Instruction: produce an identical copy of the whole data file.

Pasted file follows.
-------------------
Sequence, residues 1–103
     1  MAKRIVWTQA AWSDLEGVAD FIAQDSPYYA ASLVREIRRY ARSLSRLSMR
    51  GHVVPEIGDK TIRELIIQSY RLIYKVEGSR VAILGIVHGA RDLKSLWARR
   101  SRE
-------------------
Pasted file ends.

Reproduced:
Sequence, residues 1–103
     1  MAKRIVWTQA AWSDLEGVAD FIAQDSPYYA ASLVREIRRY ARSLSRLSMR
    51  GHVVPEIGDK TIRELIIQSY RLIYKVEGSR VAILGIVHGA RDLKSLWARR
   101  SRE